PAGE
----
There are no shortcuts to any place worth going”
- Beverly Sills
Gallery - Etudes: A Daily Practice
Etudes are musical studies employed by musicians to achieve mastery of an instrument. Through a series of conversations with a trumpet player friend, I realized that etudes are also a form of meditation. The potential exists for the playing to center the player. This explains why a player with a career spanning thirty years would continue to play etudes. The daily practice is its own reward.
I was surprised to recognize etudes as one more example of how individual meditation practices unfold. Some people sit zazen and Om every day. Others are part of a prayer circle. Musicians practice their instruments. As an artist, I achieve my daily centering in the studio.
Which is how this series of works was initiated. These 48 studies sprang from a four-month commitment to making/working every day as spiritual practice.
Selecting the color palette, the tools, and the materials prior to beginning encouraged discernment on the impact of limitations. Daily fuel for the practice emerged as a co-mingling of spiritual belief with a visual language crafted over twenty years. I was astonished and humbled by the breadth and richness of the imagery.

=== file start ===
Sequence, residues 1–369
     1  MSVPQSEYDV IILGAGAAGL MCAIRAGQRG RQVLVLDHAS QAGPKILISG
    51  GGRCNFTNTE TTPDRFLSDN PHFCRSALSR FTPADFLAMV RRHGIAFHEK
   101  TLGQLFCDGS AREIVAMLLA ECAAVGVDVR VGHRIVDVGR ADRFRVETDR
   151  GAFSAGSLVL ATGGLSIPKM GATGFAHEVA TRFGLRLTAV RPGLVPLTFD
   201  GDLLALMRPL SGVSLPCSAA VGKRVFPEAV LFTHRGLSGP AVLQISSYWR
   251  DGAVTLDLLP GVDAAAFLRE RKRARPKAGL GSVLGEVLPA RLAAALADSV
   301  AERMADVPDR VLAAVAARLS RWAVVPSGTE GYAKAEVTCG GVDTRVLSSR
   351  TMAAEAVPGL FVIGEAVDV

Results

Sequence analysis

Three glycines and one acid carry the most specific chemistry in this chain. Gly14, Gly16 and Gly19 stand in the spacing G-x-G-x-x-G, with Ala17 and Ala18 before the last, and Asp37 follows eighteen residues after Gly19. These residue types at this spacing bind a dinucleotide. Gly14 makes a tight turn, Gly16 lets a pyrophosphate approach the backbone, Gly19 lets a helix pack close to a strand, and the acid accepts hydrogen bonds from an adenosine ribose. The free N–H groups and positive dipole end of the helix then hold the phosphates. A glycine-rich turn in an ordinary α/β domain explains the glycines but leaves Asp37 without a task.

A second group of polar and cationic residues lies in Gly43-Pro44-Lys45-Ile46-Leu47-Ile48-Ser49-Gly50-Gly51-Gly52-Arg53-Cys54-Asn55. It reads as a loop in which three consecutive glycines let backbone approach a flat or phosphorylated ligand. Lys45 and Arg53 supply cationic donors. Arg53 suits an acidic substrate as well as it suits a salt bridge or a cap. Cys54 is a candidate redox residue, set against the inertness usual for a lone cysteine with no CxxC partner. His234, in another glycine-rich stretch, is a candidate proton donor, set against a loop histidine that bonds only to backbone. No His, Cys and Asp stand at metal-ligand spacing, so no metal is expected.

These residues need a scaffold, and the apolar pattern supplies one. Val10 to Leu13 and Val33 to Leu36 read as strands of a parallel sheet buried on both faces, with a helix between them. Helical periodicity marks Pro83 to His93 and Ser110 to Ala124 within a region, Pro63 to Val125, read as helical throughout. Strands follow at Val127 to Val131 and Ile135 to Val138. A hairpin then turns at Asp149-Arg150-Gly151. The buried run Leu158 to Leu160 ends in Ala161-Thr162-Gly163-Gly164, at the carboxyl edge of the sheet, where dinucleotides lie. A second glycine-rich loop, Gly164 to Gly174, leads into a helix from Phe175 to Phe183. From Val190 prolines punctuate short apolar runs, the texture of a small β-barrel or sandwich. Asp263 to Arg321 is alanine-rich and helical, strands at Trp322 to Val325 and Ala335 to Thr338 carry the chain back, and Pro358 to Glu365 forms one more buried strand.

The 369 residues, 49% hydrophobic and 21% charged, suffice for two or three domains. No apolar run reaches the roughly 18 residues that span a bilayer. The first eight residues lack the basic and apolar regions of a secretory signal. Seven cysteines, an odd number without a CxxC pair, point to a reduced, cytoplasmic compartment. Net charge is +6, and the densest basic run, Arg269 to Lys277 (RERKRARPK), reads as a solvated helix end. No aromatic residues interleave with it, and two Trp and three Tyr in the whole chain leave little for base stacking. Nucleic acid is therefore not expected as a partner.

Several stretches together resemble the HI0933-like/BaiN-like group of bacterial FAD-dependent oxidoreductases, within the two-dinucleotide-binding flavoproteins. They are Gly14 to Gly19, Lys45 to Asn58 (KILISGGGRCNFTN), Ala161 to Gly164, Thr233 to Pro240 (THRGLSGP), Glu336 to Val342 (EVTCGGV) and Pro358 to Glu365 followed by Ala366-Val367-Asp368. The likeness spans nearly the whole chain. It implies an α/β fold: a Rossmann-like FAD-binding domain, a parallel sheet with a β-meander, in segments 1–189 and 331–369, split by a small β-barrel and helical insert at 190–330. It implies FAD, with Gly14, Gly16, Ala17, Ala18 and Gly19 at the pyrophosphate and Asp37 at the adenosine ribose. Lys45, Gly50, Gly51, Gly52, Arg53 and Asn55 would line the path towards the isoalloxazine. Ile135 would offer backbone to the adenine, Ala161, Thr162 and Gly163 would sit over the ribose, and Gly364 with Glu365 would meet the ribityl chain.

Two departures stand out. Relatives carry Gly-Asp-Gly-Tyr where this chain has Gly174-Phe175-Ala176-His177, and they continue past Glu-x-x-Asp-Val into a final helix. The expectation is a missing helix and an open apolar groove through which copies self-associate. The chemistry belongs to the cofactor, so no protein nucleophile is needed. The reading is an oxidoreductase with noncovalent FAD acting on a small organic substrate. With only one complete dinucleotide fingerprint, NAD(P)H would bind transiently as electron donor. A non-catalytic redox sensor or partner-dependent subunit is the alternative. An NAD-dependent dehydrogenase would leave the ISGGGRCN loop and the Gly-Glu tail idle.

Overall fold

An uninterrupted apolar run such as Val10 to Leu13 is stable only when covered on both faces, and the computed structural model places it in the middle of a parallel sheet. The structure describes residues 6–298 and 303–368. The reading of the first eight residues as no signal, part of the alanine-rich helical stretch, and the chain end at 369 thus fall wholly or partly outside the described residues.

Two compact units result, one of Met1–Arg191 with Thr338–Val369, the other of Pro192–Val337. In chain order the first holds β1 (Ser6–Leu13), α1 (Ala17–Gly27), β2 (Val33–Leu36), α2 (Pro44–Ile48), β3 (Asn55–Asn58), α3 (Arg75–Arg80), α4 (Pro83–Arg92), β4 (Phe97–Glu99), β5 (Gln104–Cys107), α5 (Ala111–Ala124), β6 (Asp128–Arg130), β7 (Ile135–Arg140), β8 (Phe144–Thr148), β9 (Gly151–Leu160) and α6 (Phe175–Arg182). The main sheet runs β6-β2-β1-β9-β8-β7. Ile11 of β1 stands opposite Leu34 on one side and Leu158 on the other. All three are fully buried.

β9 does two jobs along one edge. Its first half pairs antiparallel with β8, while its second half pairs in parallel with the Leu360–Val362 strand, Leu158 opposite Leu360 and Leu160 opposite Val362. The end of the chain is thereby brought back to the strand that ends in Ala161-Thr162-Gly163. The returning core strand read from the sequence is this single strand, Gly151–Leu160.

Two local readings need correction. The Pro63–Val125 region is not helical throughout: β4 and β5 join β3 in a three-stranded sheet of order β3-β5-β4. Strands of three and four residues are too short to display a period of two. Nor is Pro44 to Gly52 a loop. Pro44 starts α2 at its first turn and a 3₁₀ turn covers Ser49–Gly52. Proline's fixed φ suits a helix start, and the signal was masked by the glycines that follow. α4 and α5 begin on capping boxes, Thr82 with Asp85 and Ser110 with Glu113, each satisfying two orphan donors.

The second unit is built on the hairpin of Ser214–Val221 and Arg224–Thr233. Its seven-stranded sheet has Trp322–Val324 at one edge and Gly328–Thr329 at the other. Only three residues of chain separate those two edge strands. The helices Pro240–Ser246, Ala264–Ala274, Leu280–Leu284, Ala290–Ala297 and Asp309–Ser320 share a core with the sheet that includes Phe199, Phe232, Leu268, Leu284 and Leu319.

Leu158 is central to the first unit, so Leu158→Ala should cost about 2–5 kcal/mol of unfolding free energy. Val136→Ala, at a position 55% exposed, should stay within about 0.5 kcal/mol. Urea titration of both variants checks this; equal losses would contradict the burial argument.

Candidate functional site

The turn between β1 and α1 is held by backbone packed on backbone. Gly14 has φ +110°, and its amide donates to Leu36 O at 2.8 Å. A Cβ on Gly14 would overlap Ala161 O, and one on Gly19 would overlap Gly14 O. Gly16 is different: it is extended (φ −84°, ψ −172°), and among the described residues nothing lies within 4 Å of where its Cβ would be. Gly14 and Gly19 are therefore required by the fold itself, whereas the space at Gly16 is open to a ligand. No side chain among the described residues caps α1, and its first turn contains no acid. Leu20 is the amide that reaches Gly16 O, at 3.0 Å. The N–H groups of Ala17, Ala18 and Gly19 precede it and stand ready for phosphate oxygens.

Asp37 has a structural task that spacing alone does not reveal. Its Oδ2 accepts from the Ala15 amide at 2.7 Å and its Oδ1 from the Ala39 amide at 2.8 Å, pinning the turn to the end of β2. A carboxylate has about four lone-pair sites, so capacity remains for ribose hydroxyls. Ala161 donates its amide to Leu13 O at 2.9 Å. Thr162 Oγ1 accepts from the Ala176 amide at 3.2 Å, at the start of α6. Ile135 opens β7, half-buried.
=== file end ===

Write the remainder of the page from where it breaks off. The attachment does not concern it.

And I experienced three revelations.
First, elements that had fallen into disuse over time re-asserted their meaning and became the perfect choice for a theme’s resolution. I guess this makes sense. When we master spoken language we don’t abandon a word just because we’ve been using it a long time. So there was a palpable rightness to revisiting my symbolic visual repertoire.
Then, references to music and poetry crisscrossed the visual plane, bouncing against the imagery and firing into my unconscious, setting off fresh connections and moments of illumination. Those quirky, profound, new connections are the best thing about making. There is so much great stuff to think about.
And, as the series evolved the visual surfaces simplified. I can only characterize this as a process of distillation. Are the last pieces of the series better or worse than those at the start? Or only different? That is probably a matter of personal opinion.
Because in the end, my real goal was to stay in present time. This disallows comparing one moment to another and hence, one piece to another. We are free to enjoy each of them on their own merits.
Each of the works pictured below is for sale.
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These mixed media pieces were created using cotton and silk over an industrial grade backing. Processes included screen-printing, devore (burnout), lamination of both paper and metal leaf, sanding, fusing and drawing/writing.
In addition to the fabrics, I also used vintage Bible pages, musical scores, re-purposed clothing, sand, paint, and hand stitching.